Bradesco Agrees to Buy HSBC’s Brazil Unit for $5.2 Billion

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HSBC Profit Jumps 18 Percent as it Shifts Focus to Asia

Banco Bradesco SA agreed to buy HSBC Holdings Plc’s money-losing Brazil unit for $5.2 billion in cash, its biggest acquisition ever and more than some analysts had estimated. Bradesco’s shares slumped.

With the purchase, Bradesco’s assets will increase by about 16 percent to 1.19 trillion reais ($345 billion), the Osasco, Brazil-based lender said in a statement Monday. Itau Unibanco Holding SA and Banco Santander Brasil SA had also offered to buy the HSBC business.

HSBC put the unit up for sale after it lost 549.1 million reais last year and the London-based bank embarked on a plan to cut annual costs by as much as $5 billion. Bradesco will add about 850 branches with the purchase, which was set to fetch about $4 billion, people with knowledge of the deal said in May.

The purchase price, which values the unit at about 1.8 times tangible book value, is “much higher than market expectations,” Sanford C. Bernstein Ltd. analysts led by Chirantan Barua wrote in a note Monday.

Bradesco tumbled 3 percent to 26.46 reais at 11:40 a.m. in Sao Paulo, compared with a 0.8 percent gain for Santander Brasil and a 1.1 drop for Itau.

The deal will increase the lender’s geographic reach in Brazil and help it expand in insurance, credit cards and asset management, the company said.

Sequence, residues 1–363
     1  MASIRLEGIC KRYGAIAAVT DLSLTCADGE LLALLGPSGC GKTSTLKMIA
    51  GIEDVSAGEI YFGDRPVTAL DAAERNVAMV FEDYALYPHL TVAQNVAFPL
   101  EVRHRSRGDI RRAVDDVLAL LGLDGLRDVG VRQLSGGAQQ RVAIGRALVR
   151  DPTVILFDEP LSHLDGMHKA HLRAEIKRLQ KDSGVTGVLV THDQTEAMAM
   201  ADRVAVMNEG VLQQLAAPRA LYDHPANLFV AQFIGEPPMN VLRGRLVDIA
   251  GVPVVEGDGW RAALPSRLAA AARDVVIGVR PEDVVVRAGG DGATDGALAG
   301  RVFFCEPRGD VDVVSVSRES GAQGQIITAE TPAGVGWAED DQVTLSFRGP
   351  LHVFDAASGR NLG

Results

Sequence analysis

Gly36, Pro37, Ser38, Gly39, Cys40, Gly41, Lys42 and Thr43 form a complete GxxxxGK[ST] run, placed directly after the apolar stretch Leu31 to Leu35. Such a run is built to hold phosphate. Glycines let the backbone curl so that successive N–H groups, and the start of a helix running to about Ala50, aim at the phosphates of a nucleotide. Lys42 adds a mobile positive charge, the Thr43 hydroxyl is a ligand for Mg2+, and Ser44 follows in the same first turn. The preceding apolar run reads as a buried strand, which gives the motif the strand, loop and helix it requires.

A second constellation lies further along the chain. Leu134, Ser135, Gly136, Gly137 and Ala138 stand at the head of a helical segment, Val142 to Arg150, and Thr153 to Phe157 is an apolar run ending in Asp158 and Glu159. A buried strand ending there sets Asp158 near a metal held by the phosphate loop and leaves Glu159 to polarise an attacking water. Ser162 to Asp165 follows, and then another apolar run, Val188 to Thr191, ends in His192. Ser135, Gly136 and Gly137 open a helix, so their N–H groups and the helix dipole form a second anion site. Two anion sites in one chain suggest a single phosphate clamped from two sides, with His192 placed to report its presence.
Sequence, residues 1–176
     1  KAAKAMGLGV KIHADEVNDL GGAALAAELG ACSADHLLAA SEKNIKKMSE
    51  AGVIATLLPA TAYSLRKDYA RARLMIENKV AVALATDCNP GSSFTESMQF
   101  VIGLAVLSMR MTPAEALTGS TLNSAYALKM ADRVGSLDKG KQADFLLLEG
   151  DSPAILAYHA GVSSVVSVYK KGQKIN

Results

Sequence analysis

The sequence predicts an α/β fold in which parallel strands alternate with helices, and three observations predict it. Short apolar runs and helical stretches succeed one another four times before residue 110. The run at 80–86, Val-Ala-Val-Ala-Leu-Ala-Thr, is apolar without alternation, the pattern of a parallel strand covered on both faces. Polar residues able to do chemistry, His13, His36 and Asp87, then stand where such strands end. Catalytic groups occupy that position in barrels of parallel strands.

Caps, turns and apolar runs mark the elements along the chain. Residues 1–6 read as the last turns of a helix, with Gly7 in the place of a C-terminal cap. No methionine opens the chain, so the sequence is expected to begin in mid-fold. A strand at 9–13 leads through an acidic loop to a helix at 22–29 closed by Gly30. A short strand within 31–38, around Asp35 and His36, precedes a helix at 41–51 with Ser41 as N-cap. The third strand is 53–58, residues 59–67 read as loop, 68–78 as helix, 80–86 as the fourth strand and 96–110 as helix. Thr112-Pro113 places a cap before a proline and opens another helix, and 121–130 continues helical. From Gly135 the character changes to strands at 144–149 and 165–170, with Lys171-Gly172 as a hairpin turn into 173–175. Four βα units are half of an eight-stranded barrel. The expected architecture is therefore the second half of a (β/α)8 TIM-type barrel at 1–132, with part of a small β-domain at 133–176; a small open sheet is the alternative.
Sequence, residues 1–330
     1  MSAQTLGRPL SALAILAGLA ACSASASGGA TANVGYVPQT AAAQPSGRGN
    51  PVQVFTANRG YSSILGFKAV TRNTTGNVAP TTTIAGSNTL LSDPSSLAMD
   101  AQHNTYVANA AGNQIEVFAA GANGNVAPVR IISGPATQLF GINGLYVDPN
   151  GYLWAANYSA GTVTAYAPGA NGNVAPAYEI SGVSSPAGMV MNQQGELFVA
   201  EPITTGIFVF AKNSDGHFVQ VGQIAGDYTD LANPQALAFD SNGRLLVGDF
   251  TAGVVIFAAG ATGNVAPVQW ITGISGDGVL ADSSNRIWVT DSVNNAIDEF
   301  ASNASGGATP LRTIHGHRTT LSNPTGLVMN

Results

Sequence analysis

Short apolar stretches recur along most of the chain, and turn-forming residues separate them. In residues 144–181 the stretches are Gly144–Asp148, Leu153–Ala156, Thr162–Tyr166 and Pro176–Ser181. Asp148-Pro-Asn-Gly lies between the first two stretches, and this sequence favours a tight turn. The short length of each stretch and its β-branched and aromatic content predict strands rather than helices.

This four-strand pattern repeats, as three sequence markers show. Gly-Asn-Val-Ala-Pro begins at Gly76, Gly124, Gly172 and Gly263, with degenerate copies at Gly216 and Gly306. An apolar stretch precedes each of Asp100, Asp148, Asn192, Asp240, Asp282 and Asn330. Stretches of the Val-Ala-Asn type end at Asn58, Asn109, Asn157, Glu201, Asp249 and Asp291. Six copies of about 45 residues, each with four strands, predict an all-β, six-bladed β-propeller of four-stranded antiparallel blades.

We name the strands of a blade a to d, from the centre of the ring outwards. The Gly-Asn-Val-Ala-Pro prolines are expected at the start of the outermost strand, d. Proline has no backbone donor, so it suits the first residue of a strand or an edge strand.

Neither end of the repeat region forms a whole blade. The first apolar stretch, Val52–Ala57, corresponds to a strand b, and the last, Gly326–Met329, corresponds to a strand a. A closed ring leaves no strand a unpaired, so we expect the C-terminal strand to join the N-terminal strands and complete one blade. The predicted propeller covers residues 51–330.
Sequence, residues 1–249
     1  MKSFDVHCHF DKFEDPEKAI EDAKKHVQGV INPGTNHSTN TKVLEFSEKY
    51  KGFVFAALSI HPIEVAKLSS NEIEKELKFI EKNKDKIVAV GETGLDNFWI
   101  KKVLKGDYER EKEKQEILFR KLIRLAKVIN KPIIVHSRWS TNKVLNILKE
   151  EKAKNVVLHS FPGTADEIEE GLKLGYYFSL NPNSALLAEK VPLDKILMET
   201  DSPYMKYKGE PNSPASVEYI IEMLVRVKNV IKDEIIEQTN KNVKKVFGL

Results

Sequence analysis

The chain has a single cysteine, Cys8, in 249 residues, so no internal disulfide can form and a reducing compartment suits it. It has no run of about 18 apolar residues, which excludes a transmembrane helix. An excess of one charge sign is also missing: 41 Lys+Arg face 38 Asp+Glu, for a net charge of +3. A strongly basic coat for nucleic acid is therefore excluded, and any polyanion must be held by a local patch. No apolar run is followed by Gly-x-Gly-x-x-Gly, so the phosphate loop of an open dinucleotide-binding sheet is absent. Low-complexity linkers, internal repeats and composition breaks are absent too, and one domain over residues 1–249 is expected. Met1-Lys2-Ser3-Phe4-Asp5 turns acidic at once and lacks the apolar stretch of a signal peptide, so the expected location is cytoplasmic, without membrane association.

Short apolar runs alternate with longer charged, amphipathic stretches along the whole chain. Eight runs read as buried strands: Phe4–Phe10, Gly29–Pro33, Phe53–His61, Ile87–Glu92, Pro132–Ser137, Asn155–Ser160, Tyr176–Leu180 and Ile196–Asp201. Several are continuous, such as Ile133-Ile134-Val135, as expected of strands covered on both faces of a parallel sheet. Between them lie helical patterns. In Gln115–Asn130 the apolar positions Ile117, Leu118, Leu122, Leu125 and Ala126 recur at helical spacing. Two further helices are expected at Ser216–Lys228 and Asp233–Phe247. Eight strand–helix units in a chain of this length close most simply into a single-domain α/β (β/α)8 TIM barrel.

Tier 1

The transaction requires regulatory approval. Bradesco said its common equity Tier 1 capital ratio, a measure of financial strength, will drop 2.8 percentage points to 10 percent with the acquisition. Bradesco said it will have 16 percent of total assets in Brazil after Banco do Brasil SA, which has 19.2 percent, and Itau with a 16.2 percent share.

Bradesco expects a “rapid integration with HSBC unit once regulators approve the transaction,” Chief Executive Officer Luiz Carlos Trabuco Cappi told journalists on a conference call. The bank won’t need to issue new shares to finance the acquisition and won’t change its payout policy, he said.

HSBC, which has operated in Brazil since 1997, has about 20,000 employees in the country and is the nation’s sixth-largest retail bank. The firm will ask the central bank for a new banking license to operate in the wholesale market in Brazil, local CEO Andre Brandao said on the conference call.

Bradesco was advised by its investment-banking unit, JPMorgan Chase & Co. and Rothschild.

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